Retinitis pigmentosa is believed to affect around 1.5 million people globally, with 2,000-3,000 patients in Israel.
By AARON REICH
Retinitis pigmentosa is believed to affect around 1.5 million people globally, with 2,000-3,000 patients in Israel. The disease first manifests early in life, with late onset symptoms appearing in early- to mid-adulthood. A patient’s vision will continue to decline as the disease gets progressively worse, which can lead to complete blindness.
While there is no cure for the condition, there are many different proposed treatments and medications. One of these was discovered in clinical trials from around a decade ago, which saw a natural food supplement derived from marine algae having success in improving treatment in a third of patients.
The specific treatment focused on the active ingredient 9-cis-β-carotene, a version of β-carotene. The ingredient was shown to be absorbed by some of the patients, allowing their vision to improve in several areas – specifically night vision, field of vision and electrical activity in the retina.
Later, however, the supplement’s effectiveness proved to be more erratic. This was found to be due to environmental factors, which caused a change in the algae, meaning it no longer contained enough 9-cis-β-carotene.
However, researchers at Tel Aviv University‘s Blavatnik Center for Drug Discovery and at Sheba Medical Center have been able to successfully synthesize a stable, man-made form of 9-cis-β-carotene, and are currently developing a drug based on it.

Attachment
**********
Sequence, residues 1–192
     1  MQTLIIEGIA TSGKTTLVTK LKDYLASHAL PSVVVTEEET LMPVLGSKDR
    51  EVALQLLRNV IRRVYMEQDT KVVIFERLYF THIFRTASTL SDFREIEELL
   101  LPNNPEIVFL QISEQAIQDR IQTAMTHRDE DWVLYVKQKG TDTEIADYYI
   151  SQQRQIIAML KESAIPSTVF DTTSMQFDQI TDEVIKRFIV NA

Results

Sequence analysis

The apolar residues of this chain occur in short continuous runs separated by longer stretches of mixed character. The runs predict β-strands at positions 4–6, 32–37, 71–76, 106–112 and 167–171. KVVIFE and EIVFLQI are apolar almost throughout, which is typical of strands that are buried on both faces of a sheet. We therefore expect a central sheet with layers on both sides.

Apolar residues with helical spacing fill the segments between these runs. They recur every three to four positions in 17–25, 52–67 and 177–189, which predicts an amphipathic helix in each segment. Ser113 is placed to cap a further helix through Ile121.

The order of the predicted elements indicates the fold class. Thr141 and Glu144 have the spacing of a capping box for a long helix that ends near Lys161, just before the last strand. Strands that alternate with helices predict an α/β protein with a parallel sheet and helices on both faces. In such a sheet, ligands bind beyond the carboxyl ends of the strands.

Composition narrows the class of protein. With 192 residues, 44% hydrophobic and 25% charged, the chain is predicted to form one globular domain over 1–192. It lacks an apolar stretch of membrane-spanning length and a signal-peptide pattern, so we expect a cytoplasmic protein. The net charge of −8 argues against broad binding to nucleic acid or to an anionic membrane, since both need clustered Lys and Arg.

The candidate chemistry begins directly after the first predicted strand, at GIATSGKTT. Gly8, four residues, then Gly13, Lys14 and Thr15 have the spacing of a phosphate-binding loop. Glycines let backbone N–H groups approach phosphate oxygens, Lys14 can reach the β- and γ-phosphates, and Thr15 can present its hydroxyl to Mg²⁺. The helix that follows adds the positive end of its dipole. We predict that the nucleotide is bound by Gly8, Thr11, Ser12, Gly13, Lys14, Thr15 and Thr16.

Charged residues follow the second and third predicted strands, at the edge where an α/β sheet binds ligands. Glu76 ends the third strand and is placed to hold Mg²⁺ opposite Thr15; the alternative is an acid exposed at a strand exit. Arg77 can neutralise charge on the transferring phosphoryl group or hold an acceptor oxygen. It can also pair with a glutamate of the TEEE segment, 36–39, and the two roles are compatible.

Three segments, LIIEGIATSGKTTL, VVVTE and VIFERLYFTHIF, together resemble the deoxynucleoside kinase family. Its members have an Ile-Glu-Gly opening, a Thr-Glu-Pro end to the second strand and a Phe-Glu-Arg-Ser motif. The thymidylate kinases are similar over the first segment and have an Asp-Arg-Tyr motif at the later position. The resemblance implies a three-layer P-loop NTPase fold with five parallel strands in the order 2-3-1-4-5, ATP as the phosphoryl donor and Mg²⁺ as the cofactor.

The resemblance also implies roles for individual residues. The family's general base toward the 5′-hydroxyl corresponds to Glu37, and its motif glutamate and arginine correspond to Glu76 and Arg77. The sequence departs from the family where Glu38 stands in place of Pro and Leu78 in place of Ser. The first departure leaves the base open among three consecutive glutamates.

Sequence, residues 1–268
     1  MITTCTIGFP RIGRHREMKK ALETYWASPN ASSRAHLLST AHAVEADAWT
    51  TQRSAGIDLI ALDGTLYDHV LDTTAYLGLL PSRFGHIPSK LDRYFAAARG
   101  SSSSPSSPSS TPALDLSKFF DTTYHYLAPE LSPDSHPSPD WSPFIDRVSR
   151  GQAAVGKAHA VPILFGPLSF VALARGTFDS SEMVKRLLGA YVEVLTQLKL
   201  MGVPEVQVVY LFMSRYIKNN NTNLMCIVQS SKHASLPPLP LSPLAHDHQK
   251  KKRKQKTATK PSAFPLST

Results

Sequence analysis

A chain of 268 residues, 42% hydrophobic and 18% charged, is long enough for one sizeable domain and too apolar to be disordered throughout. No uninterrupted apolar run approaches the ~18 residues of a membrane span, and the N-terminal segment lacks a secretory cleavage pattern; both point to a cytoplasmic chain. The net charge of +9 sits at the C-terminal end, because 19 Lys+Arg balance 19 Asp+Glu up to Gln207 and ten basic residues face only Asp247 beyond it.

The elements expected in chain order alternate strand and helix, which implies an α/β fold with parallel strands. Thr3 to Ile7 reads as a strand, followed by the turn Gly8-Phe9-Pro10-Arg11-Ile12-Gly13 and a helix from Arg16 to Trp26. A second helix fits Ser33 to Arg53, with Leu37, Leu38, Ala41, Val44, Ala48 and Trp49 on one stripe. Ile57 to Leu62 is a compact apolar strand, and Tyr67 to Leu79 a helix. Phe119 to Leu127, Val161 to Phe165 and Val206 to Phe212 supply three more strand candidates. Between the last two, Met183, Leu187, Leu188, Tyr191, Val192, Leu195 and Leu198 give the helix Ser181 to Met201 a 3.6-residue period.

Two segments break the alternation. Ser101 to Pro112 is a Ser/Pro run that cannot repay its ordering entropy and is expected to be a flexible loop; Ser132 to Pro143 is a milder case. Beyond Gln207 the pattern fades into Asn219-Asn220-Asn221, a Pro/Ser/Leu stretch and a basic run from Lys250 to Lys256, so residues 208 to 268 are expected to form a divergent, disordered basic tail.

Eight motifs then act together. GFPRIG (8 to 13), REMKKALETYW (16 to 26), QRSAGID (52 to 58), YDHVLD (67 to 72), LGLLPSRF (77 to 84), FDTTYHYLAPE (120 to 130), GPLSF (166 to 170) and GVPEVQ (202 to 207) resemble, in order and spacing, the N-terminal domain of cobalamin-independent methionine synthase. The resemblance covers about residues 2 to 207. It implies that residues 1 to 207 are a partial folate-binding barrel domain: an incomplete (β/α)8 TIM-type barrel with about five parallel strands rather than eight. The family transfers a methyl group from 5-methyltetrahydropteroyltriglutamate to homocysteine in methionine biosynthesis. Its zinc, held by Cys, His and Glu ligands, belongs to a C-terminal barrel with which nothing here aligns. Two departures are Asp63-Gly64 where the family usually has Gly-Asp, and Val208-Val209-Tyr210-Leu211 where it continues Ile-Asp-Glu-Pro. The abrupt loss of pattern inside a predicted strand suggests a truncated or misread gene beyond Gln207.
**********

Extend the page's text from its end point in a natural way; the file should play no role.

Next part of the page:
“Our main challenge in developing this drug was the chemical instability of the active ingredient 9-cis-β-carotene, which disintegrates easily in the presence of light and oxygen – a considerable impediment to both manufacturing processes and shelf life,” she said. “To address this problem, we developed methods of conservation, mostly by adding stabilizers and antioxidants. Today our project has reached the stage of upscaling – to enable production in larger quantities.”
“The medication we synthesized was tested successfully on retinal neurons in the lab,” the center’s managing director Dr. Ludmila Buzhansky explained.
“Once we are able to produce a sufficient quantity, we will go on to the next stages: more experiments in the lab and on mouse models, followed by clinical trials in human patients,” she said. “Since the substance has proven both safe and effective in its natural form, we are very optimistic regarding the potential of the synthetic version.
“We believe that it will serve as a basis for developing an effective drug that can save the vision of many people suffering from retinitis pigmentosa.”